What is this blog about?

What is this blog about?

I am a political philosopher. My 'political philosophy' is a form of 'liberal egalitarianism.' So in this blog I reflect on various issues in political philosophy and politics (especially Canadian and American politics) from a liberal egalitarian perspective.

If you are curious about what I mean by 'liberal egalitarianism,' my views are strongly influenced by the conception of justice advanced by John Rawls. (So I sometimes refer to myself as a 'Rawlsian,' even though I disagree with Rawls on some matters.)

Astonishingly, I am paid to write and teach moral and political philosophy. I somehow manage to do this despite my akratic nature. Here is my faculty profile.

Saturday, September 19, 2015

What is 'practical philosophy'? What is 'social philosophy'?

I was charged by my department with the task of writing up some brief explanations of 'practical philosophy.' (This is for a new department website, which will become active sometime in the near future. I don't know why we need a new website -- the current one seems fine to me -- but the decision has been made by the powers-that-be, and so I must comply.)

By 'practical philosophy,' apparently, the department means: (a) ethics and moral philosophy; (b) social philosophy; and (c) political philosophy.

In writing up the explanations I faced an immediate problem: I don't know what 'social philosophy' is! More precisely, I don't know what makes 'social philosophy' distinct from moral and political philosophy.  So I ended up lumping (b) and (c) together.  But if any gentle readers have a clear idea of what makes 'social philosophy' distinct from political and moral philosophy, please let me know, as I'd be grateful for the clarification. (Indeed, my ignorance here is somewhat embarrassing, as I've published a couple of articles in the Journal of Social Philosophy. Those articles, though, seem pretty clearly to me to be essays in 'political philosophy.')

In any case, here are my blurbs:
Ethics and Moral Philosophy: Moral philosophers ask what we ought to do in various circumstances.  In doing so, they often find it necessary to ask more general questions about what is good and what is right, as well as investigate the nature and basis of ethical claims.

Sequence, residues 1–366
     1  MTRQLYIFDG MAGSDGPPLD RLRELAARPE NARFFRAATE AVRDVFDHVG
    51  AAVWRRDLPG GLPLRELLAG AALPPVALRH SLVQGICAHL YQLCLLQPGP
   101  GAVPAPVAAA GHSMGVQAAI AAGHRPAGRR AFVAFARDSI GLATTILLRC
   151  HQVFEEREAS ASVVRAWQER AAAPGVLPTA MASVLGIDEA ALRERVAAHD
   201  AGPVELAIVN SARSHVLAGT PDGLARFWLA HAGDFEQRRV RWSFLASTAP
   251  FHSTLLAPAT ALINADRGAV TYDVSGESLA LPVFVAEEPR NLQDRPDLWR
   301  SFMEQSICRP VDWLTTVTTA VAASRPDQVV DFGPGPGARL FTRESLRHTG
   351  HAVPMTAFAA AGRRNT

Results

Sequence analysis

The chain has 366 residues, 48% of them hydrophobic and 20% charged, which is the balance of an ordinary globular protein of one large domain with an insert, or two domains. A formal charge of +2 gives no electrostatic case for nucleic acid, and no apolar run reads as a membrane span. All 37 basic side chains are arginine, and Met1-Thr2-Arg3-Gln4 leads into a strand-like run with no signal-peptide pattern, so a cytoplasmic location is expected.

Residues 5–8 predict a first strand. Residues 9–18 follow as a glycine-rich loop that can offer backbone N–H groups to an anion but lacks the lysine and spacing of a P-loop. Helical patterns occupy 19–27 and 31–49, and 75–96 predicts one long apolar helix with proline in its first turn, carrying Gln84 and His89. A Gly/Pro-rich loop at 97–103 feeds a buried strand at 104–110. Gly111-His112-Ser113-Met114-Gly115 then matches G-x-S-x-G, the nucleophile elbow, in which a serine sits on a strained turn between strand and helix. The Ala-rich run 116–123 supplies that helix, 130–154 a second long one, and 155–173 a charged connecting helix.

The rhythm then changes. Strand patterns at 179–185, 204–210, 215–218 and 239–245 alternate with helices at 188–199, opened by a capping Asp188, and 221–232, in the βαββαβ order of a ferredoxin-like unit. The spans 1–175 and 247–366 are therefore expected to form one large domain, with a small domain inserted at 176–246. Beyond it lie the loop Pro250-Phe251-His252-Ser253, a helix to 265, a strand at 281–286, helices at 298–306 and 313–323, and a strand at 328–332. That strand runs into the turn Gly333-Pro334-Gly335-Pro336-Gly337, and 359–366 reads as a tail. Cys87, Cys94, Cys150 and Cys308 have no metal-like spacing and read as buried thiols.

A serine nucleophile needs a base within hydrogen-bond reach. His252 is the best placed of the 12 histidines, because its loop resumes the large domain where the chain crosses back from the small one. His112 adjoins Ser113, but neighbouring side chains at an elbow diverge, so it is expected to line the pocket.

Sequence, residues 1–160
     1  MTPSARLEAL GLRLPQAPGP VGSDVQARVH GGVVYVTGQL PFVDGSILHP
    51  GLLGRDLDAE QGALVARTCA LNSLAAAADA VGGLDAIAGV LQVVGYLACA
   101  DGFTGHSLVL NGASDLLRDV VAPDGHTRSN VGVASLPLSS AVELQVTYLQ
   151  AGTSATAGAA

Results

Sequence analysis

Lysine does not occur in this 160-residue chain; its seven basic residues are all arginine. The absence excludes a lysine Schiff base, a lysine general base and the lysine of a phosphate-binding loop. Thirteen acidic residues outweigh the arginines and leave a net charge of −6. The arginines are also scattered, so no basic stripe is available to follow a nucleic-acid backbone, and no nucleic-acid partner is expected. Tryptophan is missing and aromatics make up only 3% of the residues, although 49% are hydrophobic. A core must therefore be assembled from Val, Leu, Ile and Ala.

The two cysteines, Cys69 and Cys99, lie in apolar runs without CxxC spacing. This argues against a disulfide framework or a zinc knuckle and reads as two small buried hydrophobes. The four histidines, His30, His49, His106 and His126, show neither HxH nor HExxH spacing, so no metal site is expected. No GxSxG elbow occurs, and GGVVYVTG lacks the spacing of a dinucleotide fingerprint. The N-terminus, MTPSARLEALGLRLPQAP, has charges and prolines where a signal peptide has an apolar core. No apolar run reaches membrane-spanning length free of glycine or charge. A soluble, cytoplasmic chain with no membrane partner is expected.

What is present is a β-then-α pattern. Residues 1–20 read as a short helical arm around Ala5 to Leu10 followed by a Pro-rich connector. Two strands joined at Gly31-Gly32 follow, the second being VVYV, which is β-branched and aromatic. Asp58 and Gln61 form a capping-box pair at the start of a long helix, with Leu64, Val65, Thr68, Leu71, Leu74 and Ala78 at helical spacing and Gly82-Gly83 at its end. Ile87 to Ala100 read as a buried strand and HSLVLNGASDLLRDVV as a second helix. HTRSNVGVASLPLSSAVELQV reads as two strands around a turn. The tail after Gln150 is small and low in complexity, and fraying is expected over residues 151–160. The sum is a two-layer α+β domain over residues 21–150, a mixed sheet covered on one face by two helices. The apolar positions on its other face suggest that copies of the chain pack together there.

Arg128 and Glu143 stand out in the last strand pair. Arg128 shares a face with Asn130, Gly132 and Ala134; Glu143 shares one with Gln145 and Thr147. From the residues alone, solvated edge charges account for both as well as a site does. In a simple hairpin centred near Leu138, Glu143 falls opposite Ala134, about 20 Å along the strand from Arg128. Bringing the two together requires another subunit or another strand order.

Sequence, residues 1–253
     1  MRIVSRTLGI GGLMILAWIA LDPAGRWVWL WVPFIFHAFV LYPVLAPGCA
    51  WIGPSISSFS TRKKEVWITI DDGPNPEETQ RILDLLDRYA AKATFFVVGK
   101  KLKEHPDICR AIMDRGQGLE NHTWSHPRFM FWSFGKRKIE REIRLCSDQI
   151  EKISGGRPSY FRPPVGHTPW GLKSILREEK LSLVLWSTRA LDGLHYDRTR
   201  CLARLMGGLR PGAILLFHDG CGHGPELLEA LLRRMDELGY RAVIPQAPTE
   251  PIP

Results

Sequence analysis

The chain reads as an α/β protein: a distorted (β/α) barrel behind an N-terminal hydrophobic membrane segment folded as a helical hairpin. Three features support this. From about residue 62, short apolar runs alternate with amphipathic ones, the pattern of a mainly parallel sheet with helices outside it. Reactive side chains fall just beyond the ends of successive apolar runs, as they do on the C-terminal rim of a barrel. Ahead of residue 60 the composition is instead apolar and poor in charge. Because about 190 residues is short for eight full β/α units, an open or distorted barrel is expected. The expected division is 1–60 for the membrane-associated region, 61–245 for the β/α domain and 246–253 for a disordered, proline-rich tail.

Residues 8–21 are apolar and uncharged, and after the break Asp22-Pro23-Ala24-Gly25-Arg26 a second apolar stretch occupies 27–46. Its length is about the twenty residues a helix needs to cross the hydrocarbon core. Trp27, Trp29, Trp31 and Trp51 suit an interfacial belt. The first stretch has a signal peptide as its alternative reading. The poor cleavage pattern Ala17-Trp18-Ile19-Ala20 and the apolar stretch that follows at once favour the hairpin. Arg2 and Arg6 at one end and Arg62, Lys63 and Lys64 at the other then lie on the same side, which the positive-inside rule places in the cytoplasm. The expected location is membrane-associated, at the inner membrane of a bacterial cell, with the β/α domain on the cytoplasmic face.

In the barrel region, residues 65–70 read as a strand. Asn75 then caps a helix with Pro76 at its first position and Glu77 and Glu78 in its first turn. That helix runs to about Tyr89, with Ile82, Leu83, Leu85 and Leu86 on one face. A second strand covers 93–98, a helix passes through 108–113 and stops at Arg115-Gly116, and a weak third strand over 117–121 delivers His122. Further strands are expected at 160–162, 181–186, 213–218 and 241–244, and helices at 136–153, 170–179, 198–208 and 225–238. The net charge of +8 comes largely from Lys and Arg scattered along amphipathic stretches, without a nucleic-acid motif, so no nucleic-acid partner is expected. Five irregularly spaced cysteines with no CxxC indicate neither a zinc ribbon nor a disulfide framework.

Moral philosophers explore such questions as:
What is good? What makes actions or people good?  What makes one’s life a good one?
What is right? What makes actions right?
What is the relation between rightness and goodness?
What are the virtues?  How are the virtues related to other moral principles or values (like rightness or goodness)?
How should I treat others?
Is morality objective or subjective?  If morality is objective, how can we explain moral disagreement?
Do we have moral duties to non-human animals?  Do we have moral duties to the natural world?  Do we have moral duties to future generations?  If so, what justifies such duties? 
Political and Social Philosophy: Political and social philosophy concerns the political and social relations and actions of people, including the nature of social practices and the organization of political institutions.  Political philosophers ask how political institutions ought to be organized, what justice is, and how power ought to be distributed and exercised. 
Questions that political and social philosophers explore include:
What is the nature of political liberty?  What is the nature of equality?  What is the relation between liberty and equality?
What is the most just political system for a society?  
Are there principles of international justice?  If so, what are they? Are there any universal human rights?
Do citizens have a duty to obey the law?  
What is the nature of law?
What should be done to address social attitudes and practices like racism, sexism, and heterosexism?
I hope those blurbs make sense! If readers see any problems with what I've written, or have any suggestions on how to improve my descriptions, feel free to let me know.

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